The Truth About Using Mental Illnesses as Adjectives

I’ve recently noticed, in people of all ages, an unavoidable sort of ignorance. This particular ignorance is directed towards mental illness and its severity. There have been too many jokes with serious illnesses as the punch line and I seem to be one of the few people not laughing. With mental illness being as important an issue as it has been these past few years, it’s so important to be aware of others’ sensitivity towards it. Whether you are aware of or oblivious to the struggles of those with mental health issues, thinking of others before making comments involving triggering terminology is critical.  It’s important to watch what you say, because others won’t always let you know that what you said made them uncomfortable.

Physical and mental illness are more often than not seen as and discussed in different ways.  People are accurate in their use of adjectives when describing physical illness, which cannot always be said when describing mental illness. It is a lot more probable that you will hear someone say “That’s just my OCD coming out” when speaking of minor things such as organisation, rather than “Oh that’s just my broken leg acting up again” when they experience minor leg pain.  A lack of understanding in the true depth and intensity of mental illness seems to be the most common cause of this sort of behaviour.

mental health

These comments can be offensive. Speaking as someone who has struggled with social anxiety their whole life, when I hear people oblivious to what social anxiety really is say “I have such bad anxiety” or “I’m so awkward, I must have social anxiety” I feel offended and belittled. Society throws around mental illness terms so easily that serious diagnoses aren’t seen as important. This creates a stigma with which mental illness can be borderline ridiculed.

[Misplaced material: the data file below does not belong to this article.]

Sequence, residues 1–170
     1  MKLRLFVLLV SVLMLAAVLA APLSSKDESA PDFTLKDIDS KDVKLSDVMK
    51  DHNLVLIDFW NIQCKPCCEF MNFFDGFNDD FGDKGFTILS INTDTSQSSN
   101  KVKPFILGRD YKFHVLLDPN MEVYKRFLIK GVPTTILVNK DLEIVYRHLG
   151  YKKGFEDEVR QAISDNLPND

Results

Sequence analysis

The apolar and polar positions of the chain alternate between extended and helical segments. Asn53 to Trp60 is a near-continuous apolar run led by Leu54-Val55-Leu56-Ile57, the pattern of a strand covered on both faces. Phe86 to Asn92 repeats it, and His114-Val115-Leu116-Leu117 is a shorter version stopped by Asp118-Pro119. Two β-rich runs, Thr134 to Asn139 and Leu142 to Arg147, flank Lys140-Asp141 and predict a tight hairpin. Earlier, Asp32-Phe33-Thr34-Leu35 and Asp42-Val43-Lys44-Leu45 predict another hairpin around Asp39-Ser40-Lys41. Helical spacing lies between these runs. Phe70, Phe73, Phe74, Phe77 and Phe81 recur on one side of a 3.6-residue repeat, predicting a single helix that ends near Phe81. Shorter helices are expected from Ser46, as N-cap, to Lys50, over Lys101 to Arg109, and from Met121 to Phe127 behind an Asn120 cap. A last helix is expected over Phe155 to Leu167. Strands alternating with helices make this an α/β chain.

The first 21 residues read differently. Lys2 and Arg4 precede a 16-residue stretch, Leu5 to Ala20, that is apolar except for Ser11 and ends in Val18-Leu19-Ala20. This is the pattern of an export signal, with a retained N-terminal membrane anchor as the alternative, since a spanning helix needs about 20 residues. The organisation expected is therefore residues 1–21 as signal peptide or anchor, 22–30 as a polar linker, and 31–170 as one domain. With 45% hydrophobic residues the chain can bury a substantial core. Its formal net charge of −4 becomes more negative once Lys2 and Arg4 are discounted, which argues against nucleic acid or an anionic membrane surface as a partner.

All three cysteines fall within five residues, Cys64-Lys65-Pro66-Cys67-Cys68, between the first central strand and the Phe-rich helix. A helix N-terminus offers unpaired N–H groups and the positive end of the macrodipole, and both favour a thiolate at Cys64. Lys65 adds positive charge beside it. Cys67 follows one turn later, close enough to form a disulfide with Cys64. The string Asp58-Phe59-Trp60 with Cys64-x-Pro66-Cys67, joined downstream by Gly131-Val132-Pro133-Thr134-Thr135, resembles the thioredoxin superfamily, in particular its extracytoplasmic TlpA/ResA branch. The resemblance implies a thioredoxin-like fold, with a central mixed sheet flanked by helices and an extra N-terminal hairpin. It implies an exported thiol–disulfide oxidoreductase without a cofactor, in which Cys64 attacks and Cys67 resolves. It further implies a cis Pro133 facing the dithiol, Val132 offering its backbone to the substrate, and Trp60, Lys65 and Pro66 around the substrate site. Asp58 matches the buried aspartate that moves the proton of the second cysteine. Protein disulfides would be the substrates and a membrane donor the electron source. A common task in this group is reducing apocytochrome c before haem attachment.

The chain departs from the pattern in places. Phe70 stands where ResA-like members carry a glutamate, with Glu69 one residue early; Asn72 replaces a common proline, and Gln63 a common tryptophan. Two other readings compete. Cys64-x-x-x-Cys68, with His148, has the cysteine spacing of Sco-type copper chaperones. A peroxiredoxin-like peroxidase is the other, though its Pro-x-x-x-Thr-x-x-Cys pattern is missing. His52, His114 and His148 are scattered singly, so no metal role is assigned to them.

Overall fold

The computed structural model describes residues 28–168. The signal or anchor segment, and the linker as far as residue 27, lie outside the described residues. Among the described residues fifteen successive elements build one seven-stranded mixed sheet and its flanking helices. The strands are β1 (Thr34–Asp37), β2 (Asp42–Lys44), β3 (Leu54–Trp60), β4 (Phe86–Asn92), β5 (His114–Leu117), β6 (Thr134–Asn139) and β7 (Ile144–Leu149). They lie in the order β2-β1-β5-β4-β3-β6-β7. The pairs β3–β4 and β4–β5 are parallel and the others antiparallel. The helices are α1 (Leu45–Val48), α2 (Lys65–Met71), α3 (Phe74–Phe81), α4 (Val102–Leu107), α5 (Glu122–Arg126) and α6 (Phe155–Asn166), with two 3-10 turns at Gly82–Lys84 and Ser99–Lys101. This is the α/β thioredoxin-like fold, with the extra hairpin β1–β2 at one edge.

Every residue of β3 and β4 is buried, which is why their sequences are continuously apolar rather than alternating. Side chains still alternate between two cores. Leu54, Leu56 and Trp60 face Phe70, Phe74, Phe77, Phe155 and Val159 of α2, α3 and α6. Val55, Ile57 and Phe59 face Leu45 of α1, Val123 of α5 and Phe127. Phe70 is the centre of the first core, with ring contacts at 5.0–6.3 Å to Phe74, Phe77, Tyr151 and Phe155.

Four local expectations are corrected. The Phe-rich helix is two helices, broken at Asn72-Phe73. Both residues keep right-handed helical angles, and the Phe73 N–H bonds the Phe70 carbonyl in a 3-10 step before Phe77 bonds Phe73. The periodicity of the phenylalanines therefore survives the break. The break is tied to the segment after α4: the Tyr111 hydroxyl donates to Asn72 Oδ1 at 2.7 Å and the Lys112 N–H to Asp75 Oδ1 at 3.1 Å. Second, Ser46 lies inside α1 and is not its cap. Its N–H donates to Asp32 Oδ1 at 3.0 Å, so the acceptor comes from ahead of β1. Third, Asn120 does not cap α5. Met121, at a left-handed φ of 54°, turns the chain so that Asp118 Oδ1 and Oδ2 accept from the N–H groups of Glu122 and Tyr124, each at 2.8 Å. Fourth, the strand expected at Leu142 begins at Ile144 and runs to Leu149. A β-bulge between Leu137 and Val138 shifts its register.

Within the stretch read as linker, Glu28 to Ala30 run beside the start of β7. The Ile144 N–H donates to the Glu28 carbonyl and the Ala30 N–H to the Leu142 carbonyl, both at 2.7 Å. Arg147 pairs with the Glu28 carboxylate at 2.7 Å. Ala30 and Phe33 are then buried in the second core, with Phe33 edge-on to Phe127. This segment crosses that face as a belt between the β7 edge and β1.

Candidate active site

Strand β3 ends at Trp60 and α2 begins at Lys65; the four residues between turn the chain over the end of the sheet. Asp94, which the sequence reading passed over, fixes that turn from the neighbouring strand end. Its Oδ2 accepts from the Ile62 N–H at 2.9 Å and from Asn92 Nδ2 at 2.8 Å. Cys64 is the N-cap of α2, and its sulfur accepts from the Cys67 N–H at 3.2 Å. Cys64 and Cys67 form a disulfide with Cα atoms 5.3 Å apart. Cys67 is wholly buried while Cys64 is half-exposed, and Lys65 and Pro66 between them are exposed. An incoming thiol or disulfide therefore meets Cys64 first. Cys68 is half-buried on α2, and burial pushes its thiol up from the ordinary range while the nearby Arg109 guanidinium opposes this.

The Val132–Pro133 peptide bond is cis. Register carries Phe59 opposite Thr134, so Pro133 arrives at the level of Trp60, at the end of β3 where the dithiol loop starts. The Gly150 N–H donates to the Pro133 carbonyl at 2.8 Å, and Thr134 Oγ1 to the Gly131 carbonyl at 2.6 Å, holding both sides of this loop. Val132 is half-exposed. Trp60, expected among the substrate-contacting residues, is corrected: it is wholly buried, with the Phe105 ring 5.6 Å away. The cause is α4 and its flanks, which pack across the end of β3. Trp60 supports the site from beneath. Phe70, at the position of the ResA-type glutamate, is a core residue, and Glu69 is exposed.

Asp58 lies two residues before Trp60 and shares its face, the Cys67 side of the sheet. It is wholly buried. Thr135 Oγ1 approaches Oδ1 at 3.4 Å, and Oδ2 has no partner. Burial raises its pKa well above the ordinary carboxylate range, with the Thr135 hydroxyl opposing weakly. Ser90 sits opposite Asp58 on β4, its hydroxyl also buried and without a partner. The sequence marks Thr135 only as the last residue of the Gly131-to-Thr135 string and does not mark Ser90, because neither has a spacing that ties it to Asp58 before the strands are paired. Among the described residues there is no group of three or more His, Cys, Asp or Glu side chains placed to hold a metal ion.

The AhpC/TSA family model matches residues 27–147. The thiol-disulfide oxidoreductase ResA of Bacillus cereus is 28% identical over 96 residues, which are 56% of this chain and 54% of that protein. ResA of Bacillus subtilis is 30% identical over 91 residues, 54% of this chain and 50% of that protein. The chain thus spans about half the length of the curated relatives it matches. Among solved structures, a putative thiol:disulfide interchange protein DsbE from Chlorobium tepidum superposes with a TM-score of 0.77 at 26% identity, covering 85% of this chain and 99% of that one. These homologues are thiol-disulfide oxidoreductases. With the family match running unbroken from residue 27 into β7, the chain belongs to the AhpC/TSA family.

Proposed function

Another very common line is “I’d kill myself if that happened to me”. Those who have had someone in their lives commit suicide know the full impact of these words, even when said without bad intentions. There are just so many troubling outcomes to this unknowingly offensive choice of words, and learning to be more conscious is the best solution.

These are battles being fought by people every day and their struggle is often undermined. Being careful with your words can make a big difference, and informing others when they use a mental illness in an offensive manner can spread awareness on the issue. It’s such a simple adjustment that’ll help make those who struggle with mental illness feel validated, which they deserve.

Words: Lindsay Olivieri
Image: Hayley Miller

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2 thoughts on “The Truth About Using Mental Illnesses as Adjectives

  1. Good on you for speaking up! Mental illness isn’t a joke and causes so much heartache for the sufferers. No illness is something to be laughed at, or not taken seriously.

  2. Congratulations on this text. It is so rightfully true, the choice of words have direct impact on your surroundings, regarless of the topics such mental illness, racism, pauverity, sexual orientation etc.. Simple words even without direct intentions will have a greater negative impact.

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